The evolution of the Human Reference Atlas continues. The release of the atlas’s fourth version – providing a more comprehensive, high-resolution, three-dimensional view of some of the 37 trillion cells in our human body -- offers the potential for medical advances in health, research and beyond.
The Luddy School of Informatics, Computing and Engineering’s Cyberinfrastructure for Network Science Center leads the HRA development and publication—in close collaboration with the HuBMAP HIVE and tissue experts around the globe.
“Atlas creation requires systematic collection of highest quality data, careful analysis and visualization of multi-scale datasets, and proactive engagement with diverse user communities interested in using the atlas to improve our understanding of the human body and human health,” said Katy Börner, Victor H. Yngve distinguished professor of engineering and information science, and CNS director.
The fourth version of the HRA, which provides an atlas of the human body down to the cellular level, has just been released with 13 updated anatomical structures, cell types, and biomarker tables (ASCT+B), two new 3D reference organs (left and right mammary glands), two updated 3D reference organs, 19 functional tissue units (FTUs) for nine organs and seven revised organ mapping antibody panels (OMAPs).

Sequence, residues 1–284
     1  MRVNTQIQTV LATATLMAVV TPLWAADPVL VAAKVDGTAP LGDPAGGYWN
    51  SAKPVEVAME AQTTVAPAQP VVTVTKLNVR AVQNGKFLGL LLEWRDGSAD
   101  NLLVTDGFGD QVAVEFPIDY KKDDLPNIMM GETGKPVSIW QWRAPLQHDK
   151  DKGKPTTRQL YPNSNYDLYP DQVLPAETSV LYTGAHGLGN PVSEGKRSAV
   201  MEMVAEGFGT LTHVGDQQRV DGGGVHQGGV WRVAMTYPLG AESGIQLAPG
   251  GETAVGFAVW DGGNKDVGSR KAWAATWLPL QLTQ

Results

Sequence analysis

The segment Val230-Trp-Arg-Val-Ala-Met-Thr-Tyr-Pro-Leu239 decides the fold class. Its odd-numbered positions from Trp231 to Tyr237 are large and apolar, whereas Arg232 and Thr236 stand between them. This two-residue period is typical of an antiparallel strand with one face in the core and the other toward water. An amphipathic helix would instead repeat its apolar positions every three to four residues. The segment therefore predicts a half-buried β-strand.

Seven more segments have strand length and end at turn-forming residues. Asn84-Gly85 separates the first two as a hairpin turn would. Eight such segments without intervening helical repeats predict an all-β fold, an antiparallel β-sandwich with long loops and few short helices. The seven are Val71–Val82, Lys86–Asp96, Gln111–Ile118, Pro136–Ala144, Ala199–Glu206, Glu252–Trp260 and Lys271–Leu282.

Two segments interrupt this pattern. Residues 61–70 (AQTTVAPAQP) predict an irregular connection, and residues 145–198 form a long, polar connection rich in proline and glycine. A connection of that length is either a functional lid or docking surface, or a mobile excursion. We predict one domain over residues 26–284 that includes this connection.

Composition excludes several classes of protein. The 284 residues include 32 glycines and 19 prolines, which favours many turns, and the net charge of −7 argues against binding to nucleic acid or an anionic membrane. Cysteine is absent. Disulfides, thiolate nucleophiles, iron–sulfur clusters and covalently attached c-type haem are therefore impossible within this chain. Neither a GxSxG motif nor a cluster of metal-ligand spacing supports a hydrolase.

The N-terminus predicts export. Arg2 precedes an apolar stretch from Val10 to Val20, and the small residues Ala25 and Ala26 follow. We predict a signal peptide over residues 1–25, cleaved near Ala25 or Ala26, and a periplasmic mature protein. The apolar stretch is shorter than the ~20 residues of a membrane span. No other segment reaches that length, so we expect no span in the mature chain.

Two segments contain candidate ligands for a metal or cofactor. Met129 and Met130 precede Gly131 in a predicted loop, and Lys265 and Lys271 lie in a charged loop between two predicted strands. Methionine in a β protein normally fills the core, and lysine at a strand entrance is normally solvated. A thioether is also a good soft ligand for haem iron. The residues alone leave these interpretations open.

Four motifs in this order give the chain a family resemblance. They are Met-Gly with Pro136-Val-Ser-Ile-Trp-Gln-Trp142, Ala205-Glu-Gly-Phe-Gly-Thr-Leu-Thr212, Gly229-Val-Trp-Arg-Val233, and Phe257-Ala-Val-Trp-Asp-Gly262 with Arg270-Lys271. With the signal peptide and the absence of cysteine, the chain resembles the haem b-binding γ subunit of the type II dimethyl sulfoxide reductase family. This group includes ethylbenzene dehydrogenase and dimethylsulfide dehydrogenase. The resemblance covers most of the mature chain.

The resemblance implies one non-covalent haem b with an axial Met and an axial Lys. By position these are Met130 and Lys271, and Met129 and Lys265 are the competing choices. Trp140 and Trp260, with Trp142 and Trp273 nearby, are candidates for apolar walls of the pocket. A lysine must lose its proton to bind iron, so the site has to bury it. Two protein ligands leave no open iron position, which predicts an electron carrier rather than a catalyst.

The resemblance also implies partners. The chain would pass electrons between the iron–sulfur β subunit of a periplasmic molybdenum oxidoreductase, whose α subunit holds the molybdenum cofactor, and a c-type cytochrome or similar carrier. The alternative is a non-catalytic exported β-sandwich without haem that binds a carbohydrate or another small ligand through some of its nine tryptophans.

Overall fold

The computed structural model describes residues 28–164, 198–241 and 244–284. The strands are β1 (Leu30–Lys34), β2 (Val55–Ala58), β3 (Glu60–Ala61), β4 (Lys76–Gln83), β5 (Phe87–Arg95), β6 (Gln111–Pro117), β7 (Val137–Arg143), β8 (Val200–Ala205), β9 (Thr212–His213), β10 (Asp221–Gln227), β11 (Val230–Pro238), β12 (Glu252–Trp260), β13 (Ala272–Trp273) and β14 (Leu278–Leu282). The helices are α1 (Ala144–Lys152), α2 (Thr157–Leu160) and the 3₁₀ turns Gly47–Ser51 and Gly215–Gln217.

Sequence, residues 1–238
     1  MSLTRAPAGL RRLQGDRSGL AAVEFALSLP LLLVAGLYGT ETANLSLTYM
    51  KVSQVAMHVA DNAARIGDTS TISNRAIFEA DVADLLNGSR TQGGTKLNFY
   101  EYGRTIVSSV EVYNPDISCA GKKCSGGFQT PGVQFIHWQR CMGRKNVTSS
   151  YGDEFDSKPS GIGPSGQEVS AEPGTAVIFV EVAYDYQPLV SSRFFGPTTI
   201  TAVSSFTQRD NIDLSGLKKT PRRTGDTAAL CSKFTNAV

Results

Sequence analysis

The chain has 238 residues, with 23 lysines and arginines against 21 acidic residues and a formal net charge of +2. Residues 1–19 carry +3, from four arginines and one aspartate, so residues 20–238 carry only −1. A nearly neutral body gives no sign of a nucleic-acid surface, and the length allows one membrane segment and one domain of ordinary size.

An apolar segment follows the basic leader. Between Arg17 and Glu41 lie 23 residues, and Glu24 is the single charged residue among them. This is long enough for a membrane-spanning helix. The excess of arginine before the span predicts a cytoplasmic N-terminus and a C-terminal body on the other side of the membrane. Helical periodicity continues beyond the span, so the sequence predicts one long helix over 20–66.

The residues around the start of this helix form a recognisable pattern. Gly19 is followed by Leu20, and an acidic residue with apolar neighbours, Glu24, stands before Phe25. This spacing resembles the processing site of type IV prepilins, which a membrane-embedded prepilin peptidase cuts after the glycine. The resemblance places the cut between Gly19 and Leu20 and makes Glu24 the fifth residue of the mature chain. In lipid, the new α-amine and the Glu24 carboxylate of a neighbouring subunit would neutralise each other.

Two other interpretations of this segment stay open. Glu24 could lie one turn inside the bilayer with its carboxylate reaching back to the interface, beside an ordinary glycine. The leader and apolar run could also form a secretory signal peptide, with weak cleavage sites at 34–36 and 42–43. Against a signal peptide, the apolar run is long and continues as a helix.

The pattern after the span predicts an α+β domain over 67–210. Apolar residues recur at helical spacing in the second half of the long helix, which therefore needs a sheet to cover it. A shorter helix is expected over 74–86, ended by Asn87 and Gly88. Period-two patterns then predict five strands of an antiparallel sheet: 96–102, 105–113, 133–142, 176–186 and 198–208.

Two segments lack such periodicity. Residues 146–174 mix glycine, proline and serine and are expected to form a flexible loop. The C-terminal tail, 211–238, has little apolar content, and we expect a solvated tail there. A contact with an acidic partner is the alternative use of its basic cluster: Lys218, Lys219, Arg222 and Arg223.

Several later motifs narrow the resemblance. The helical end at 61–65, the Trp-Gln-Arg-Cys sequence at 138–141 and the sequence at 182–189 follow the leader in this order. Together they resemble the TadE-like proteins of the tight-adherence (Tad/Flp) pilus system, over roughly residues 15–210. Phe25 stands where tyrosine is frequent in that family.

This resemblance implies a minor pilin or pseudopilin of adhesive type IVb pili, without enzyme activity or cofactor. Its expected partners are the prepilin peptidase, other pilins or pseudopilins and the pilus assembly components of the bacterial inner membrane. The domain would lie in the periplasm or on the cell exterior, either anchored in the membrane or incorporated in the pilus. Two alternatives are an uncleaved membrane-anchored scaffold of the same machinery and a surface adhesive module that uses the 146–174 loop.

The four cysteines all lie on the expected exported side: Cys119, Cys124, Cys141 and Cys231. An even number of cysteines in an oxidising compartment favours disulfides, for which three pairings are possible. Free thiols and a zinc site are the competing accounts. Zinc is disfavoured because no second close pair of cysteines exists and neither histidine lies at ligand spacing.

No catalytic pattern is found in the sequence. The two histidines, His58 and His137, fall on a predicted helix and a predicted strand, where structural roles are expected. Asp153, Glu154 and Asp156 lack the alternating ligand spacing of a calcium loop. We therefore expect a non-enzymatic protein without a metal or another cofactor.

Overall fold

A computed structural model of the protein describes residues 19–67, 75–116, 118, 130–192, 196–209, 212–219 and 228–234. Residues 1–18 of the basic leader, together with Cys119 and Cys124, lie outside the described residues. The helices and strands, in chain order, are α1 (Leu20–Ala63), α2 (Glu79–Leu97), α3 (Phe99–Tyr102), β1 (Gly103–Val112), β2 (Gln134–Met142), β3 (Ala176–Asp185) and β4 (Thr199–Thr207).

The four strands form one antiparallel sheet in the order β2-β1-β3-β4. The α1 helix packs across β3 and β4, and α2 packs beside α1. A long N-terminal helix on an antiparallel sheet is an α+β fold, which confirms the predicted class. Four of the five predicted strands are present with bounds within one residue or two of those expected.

While the human genome is a one-dimensional structure and the DNA of any two people is 99 percent identical, the body is a three-dimensional structure that comes in many shapes and sizes. As a human ages, exercises, or gets sick, the number, type, size, and location of cells changes.
The HRA, along with its Common Coordinate Framework for a human body, aims to provide a unique address for each cell in the body. It’s similar to the latitude-longitude system used to navigate a world map. The HRA also provides standard terminologies and data structures for describing specimens, biological structures and spatial positions linked to existing ontologies.
The HRA -- https://humanatlas.io/release-notes/v1.3 -- now includes 57 three-dimensional reference organs with 1,588 anatomical structures. It lets users query and explore key anatomical structures, cell types and biomarkers down to the cellular level.